A Food Cart Creates Community

Halal Cart Offers Taste of Islamic Culture

HalalFoodTruck-3-DanLittle-20180420.jpg

By Faizan Hassan, Photos by Dan Little

In front of the Unitarian Church on North Pleasant Street in Amherst lies a hidden gem in plain sight: a gem worth six bucks and the potential to rock one’s world.

Elsayed Fathi, owner of the New York Halal Cart, came to the United States from Egypt in 1994 as a 19-year-old looking for work. “I wanted to live the American dream, so I came here I guess,” he says. “I worked in New York for somebody’s cart [and] that’s how I learned to cook.”

Nearly 20 years later, while visiting a friend at UMass, Fathi saw a new opportunity: Despite large numbers of Muslim students in the area, there was a lack of halal food (food sanctioned by Islamic law). In 2012, he left his cart in New York City to be run by his brother and set up shop in Amherst.

“Getting my town permit was hard,” he says. “Because, before me, there weren’t any food trucks in Amherst. I was the first one.”

Fathi cooks “American halal,” a complex melting pot of Mediterranean, Middle Eastern, and New York street food. “This is not really Egyptian street food,” says Fathi. “It’s a New York invention.”

Popularized in New York in the early ’90s, the first-ever “American halal” cart was founded when two Egyptian immigrants opened up a hot dog stand on 53rd Street and Sixth Avenue, and soon realized the potential for halal street food. They introduced meals with meat, pita, and rice, and hence gave birth to “the halal food culture” or “American halal.”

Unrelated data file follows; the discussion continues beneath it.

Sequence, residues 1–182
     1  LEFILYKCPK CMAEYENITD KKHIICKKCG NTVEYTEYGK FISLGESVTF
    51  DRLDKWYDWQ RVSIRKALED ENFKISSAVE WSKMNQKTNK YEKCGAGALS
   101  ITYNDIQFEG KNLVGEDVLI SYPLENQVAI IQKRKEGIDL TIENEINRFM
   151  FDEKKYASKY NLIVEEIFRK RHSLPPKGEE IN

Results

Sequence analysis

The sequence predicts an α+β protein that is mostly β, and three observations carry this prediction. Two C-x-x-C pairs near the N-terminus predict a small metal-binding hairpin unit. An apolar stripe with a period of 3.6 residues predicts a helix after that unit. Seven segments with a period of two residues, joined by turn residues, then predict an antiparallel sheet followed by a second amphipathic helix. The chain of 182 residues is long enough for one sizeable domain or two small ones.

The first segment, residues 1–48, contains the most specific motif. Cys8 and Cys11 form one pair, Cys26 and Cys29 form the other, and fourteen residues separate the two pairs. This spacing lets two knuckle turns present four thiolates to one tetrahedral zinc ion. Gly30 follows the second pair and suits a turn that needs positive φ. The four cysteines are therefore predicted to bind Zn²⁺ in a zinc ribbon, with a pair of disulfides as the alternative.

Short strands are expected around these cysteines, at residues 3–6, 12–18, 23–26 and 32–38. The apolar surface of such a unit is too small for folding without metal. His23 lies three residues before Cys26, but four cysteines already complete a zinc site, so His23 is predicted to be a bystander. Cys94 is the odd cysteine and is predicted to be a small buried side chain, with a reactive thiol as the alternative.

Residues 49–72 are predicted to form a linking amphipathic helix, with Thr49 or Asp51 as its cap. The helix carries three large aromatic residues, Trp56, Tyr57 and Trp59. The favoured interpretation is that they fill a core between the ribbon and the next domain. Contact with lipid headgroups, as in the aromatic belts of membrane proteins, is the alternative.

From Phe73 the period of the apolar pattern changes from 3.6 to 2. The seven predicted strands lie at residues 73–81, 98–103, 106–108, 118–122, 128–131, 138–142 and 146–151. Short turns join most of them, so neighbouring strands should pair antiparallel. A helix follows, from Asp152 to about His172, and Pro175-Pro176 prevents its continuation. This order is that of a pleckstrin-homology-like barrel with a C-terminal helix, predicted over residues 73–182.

Halal means permissible in Arabic. Certain foods, like alcohol and pork, are not allowed under Islamic guidelines. Meats such as chicken, lamb, and beef are considered halal only when they are slaughtered under Islamic law.

For a meat to be considered halal it must be slaughtered humanely, according to Islamic Society of North America (ISNA), a halal certifying agency. Further: “The name of God [Allah] is to be pronounced as a reminder that we do not have the right to take the animal’s life except by the permission of God to meet our need for food.”

HalalFoodTruck-2-DanLittle-20180420.jpg

Fathi’s menu consists of only a few items: chicken or lamb over rice or in a filled sandwich. Both are generously covered with a secret-ingredient white sauce.

“The white sauce is bomb,” says Tauqeer Hassan, a student at Holyoke Community College and a regular at the New York Halal Cart. “I’m studying business in college and honestly, there’s a lot to learn from Fathi. Most importantly, the great customer service he provides.”

Fathi operates from a three- by eight-foot cart complete with a grill, gyro machine, steam table, and a small generator to operate the lights when it gets dark. Customers gather around the cart, chat, and watch him cook. He takes orders via an earbud from those who call ahead, while cooking for and joking with those in line.

Though there are many restaurants to compete with in downtown Amherst, Fathi has the advantage of lower expenses, especially when it comes to rent. Lunch cart permits are only $125 annually.

“I don’t have to pay high rents when the university is closed,” he says. “I keep my costs down and choose not to come during winter break when weather is rough and business is low.”

Fathi’s success isn’t just smart economics and good food. His cart, though small, has created a sense of community as a popular hangout spot for the UMass Muslim Student Association (MSA).

Most Fridays after prayer, MSA members gather at Fathi’s cart and celebrate the end of the week.

“We come in groups, socialize, and enjoy the delicious food,” says Zara Mehmood, MSA president.

“The food is delicious. It’s the best value, and he’s a very fun and nice guy,” says Talha Khan, a sophomore at UMass. “My family is from Pakistan, and I grew up eating biryani, which is a very special dish, since I am not close to home. This is the closest thing to biryani that I can find.”